Mutunga, Baraza and Tobiko take up office
Dr. Willy Mutunga, Nancy Baraza and Keriako Tobiko have been sworn in as Kenya's new Chief Justice, Deputy Chief Justice and Director of Public Prosecutions respectively.

The swearing in celebration took place Monday morning at State House Nairobi and was presided over by President Mwai Kibaki and Prime Minister Raila Odinga.

The Registrar of the High Court took the three top judicial officers through an oath of office, this time round breaking away from sweaing allegiance to the presidency but now to the people and Republic of Kenya as outlined by the new Constitution.

Mutunga's address

Dr. Willy Mutunga has since addressed Kenyans in his new capacity as Kenya's Chief Justice.

Mutunga saluted Kenyans for the sacrifices made in passing the new Constitution and ensuring the country works towards achieving reforms outlined by the new law.

"As a country, we now stand on a constitutional frontier from which we expect to put tyranny, oppression and exploitation, opacity and impunity on the back-foot, while making strides towards freedom, opportunity, and transparency," Mutunga said in his maiden speech as Kenya's Chief Justice.

The new Chief Justice added that the constitution has provided a chance for the reconstruction of the judiciary so as to earn public trust that was long lost in the key arm of government.

"I am aware that the Constitution places great hopes on us by giving us a rare chance for reconstruction. That the citizens of this country should place such honourable expectations upon an institution in which they have little faith is not lost to me," he said.

Mutunga promised to use his position to turn the judiciary into an institution of service to the people and ensure the judicial process is more accessible to Kenyans with rulings that quench the thirst for justice.

"The Judiciary must become an institution of service for the people. I am humbled by these expectations and will keep this humility in performing my obligations as Chief Justice," Mutunga further stated.

He however called on citizens to monitor and report any disparities in the judicial process, saying the only way to achieve the reforms necessary would be if the citizens were actively involved.

Mutunga said, "As citizens, we share the responsibility to monitor, report and ensure that the judiciary is accountable to all Kenyans. I invite Kenyans to hold us to these ideals."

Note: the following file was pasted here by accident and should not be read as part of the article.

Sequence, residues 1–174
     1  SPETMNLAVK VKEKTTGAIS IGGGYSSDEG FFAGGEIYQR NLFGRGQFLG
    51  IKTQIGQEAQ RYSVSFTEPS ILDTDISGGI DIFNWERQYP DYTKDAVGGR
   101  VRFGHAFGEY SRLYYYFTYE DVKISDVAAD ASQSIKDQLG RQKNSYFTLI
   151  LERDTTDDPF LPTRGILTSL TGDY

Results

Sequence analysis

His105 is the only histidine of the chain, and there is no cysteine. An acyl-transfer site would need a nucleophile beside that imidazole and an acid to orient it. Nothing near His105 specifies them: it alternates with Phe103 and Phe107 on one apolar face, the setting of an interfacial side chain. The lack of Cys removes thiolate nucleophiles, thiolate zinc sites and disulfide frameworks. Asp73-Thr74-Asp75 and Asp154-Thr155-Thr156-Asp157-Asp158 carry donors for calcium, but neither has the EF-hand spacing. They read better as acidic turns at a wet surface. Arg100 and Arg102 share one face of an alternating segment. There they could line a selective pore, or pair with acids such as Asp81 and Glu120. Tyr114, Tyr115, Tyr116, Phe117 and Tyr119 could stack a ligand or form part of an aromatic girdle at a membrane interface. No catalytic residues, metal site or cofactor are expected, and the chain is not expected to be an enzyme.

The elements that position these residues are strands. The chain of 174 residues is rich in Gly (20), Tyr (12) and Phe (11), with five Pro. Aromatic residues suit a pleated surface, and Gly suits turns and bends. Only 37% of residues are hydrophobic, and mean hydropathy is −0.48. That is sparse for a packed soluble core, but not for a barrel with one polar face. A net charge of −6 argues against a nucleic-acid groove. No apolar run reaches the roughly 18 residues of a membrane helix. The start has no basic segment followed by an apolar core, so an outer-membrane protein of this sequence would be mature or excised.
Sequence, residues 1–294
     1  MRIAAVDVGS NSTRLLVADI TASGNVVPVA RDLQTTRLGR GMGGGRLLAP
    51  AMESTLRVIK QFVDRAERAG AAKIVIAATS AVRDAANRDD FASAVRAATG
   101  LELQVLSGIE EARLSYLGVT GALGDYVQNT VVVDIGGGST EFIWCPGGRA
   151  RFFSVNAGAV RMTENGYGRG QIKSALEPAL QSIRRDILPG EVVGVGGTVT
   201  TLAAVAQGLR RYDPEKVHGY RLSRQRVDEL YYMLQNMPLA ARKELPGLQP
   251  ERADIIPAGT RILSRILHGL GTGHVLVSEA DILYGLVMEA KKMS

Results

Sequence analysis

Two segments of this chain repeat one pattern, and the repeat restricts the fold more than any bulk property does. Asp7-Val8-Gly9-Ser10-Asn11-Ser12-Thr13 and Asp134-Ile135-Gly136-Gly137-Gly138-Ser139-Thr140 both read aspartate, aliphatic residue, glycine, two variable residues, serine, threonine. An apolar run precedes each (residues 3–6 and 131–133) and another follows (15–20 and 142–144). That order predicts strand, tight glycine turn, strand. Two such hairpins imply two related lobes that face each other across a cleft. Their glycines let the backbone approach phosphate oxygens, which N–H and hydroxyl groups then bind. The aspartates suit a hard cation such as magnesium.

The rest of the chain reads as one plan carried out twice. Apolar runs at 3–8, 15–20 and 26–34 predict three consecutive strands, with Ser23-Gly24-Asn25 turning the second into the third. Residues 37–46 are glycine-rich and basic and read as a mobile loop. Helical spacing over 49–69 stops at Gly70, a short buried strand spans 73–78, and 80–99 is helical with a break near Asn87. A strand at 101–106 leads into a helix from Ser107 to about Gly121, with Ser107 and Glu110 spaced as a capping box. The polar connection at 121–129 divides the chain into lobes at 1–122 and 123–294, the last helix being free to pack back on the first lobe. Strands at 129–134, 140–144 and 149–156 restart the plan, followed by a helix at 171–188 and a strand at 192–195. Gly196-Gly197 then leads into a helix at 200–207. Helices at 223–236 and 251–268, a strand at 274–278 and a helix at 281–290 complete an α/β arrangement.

His sentiments were supported by his deputy Nancy Baraza who said Kenyans must help in changing the face of the judiciary.

She promised to uphold the Constitution and the laws of Kenya in discharging her mandate as Kenya's Deputy Chief Justice.

Mutunga further called for the protection of separation of powers as outlined in the Constitution saying failure to uphold this will be an insult to the sacrifices Kenyans made to adopt a new constitution.

"The courts shall uphold and respect the legislative power to enact just laws, and acknowledge the executive arm's power of governance, subject only to the legal strictures but retain its power of review and defend its independence. Failure to observe and respect this constitutional design of separation of powers will not only imperil our nascent democracy but also be an unforgivable assault on the sacrifices and aspirations of the people of Kenya," the new CJ explained.

He noted that the country has diverse interests, pledging that he will look to ensure the judiciary strikes to live up to the constitutional values.

"Our duty is to weigh all these interests with the scale of the constitution and the law. In so doing, we shall strive to live up to the values enshrined in our constitution that bind us to uphold tolerance, non-discrimination and inclusivity. I give but the unreserved assurance that none get less than the Constitution and the laws of this country promise and bequeath to you," Mutunga promised.

He added that it was now upon him and his colleagues to ensure a strong judiciary full on confidence and respect by all Kenyans is realized.

Supreme Court Judges

However, the five nominees to the Supreme Court forwarded to the President by the Judicial Service Commission were not sworn into office as a High Court ruling last Friday barred them from participating in the swearing in process.

And CIC chair Charles Nyachae added his voice to the debate Monday, faulting the JSC's decision to nominate only one woman out of the five candidates reserved for nomination to the Supreme Court.

Nyachae termed the representation by only two women out of a panel of seven to the highest court of the land as unconstitutional, defending the High Court's decision to halt the five nominee's swearing in ceremony.

President last week gazetted the names of all the eight candidates to head the new face of the judiciary but the High Court ruling, arising from a suit coined around gender disparity, saw former Nominated MP Njoki Ndung'u and her four colleagues stopped from participating in Monday's exercise.
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